crowded street market with vivid tropical colors.

A Lot of a Lot: Personal Knowledge Management

Have you ever found yourself with more ideas than you can handle? Where do you begin making sense of what needs to be accomplished and finding a starting place? For me, the starting place in in my personal knowledge management.

I’ve been finding myself in this space drifting between the stacks of ideas, the piles of requests, and the entire marketplace of shiny new things. I’ve been intimidated to take on new challenges but finding ways of stepping into these fully. I am searching for the perfect thing for people I have in mind, much like shopping for gifts. Yet when faced with so many possibilities, it can be quite overwhelming.

In my physical space, I have taken the time needed to sort through the clutter. My kids’ home classroom setup is much this way. While they’ve had the freedom to create with minimal boundaries, their works of art leave a trail of debris from the tornado effects of their creativity. Their creations were then overlooked and the space became too disorganized to appreciate.

It sat cold and empty, but remained a mess. On a cold and rainy day with no other plans, we turned on some holiday music, warmed and lit the room, and began the work as a family of putting this space back in order. Since then, it has returned to an inviting and integral part of our daily routine.

Colored pencil for art is like organizing personal knowledge management

In my mental space, things aren’t all that different. I see the many opportunities and connections waiting before me. It all becomes so much at times that I drift along allowing Slack, social media, and emails to sort out my priorities in the moment. This is no way to make progress. I needed to start gathering ideas and organizing them somewhere. I need a personal knowledge management system.

2022 Reading: Personal Knowledge Management

Over the past year, I’ve read and listened to many books about personal knowledge management and productivity. For maximum concentration, I often listen to the audiobook while I read along on my Kindle iOS app and take notes. I started out with “How to Read a Book” to help get my head back into the mode of reading for studying. From there, I branched out to productivity and personal knowledge management. Several of these books were a re-read for me as it had been quite a while and I hadn’t previously taken notes on them.

Downloading My Thoughts

With the knowledge gained from these books, I was read to capture the ideas. While “Getting Things Done” is a method for handling tasks, “How to Take Smart Notes” and “Building a Second Brain” are similar methods for handling all the information that flows by and through us. They are the personal knowledge management methods. Capture, organize, synthesize, and share it for yourself later.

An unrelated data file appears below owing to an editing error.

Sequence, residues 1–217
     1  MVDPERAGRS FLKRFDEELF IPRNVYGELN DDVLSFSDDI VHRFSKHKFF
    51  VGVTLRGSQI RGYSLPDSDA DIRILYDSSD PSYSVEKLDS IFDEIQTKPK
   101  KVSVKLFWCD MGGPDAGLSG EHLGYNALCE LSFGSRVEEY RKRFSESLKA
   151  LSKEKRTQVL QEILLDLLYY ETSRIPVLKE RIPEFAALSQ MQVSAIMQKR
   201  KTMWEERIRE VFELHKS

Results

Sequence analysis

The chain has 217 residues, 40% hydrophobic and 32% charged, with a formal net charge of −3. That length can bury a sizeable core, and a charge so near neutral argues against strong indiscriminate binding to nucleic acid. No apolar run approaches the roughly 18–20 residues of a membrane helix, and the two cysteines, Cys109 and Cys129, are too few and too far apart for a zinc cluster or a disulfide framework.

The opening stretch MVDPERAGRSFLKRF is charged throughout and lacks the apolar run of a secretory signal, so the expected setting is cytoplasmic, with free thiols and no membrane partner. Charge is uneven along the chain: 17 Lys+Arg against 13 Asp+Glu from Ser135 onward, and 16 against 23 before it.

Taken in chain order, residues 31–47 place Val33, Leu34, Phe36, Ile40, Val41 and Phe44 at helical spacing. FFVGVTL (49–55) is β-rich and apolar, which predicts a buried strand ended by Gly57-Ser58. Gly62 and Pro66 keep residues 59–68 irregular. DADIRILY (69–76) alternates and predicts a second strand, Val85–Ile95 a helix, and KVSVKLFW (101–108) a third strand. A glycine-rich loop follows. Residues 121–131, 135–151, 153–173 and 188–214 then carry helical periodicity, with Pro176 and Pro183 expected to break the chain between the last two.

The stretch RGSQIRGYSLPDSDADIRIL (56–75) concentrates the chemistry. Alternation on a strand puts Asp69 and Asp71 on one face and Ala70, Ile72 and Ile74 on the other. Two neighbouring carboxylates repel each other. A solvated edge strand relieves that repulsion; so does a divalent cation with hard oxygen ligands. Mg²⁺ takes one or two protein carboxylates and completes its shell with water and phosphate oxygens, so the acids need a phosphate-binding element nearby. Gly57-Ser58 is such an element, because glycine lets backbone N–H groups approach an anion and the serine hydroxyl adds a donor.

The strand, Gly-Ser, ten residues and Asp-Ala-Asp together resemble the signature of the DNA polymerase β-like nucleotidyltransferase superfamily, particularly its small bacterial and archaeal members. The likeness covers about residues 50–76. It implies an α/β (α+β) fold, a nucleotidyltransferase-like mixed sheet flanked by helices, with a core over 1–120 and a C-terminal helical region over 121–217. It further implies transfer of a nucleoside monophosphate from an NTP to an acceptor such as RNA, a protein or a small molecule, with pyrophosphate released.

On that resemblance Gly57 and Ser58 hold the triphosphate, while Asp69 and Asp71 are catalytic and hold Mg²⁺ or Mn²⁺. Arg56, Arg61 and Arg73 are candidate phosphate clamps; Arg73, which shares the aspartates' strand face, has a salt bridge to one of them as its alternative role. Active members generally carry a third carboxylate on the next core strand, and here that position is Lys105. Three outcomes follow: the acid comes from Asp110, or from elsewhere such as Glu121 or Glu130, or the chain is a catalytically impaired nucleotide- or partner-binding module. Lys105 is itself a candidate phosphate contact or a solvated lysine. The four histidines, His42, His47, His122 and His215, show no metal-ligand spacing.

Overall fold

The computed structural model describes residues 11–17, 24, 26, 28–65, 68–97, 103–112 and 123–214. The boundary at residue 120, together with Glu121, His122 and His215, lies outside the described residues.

I have started into using as my notes system, and Things 3 for my tasks. Articles I want to save and annotate go into DevonThink. I have been slowly building up my information system and keep the software tools open while I work. I collect the ideas, use a daily note as my digital bullet journal, and have weekly, monthly, and yearly check-ins with myself. I’ve also applied myself to learning all I can via Curtis McHale’s courses.

Courses – Curtis McHale
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I have my invested the time to build out my methods, learned the tools, and tested the systems to meet my workflow needs. I am now primarily working on making this second nature to me. I can set up recurring routines for myself and use my tools to empower that. What I most need though is to always be capturing, prioritizing, and processing. This leads to a more organized top of mind state. I can refer to my tools and systems to recall what I need and help me to schedule times better.

Personal Growth

As I shift through careers as a teacher, software release communications, instructional designer, and now as a developer advocate, I see the many ways my own thinking has expanded. No longer do I have sequential tasks. Often, deadlines are mine to create. Organizing others around common goals is key to working in community management. Taking ownership over my own knowledge management is part of career growth. Allowing ideas and initiatives to drift along doesn’t fit with reaching goals in a timely manner. It matters more to me now than ever before to be intentional about how I capture and collect the ideas.

I am moving from feeling there’s a lot of work/ideas/initiaitives all over the place to finding order and organization in accomplishing these things. No longer is it a lot of a lot. Implementing personal knowledge management has become a relief.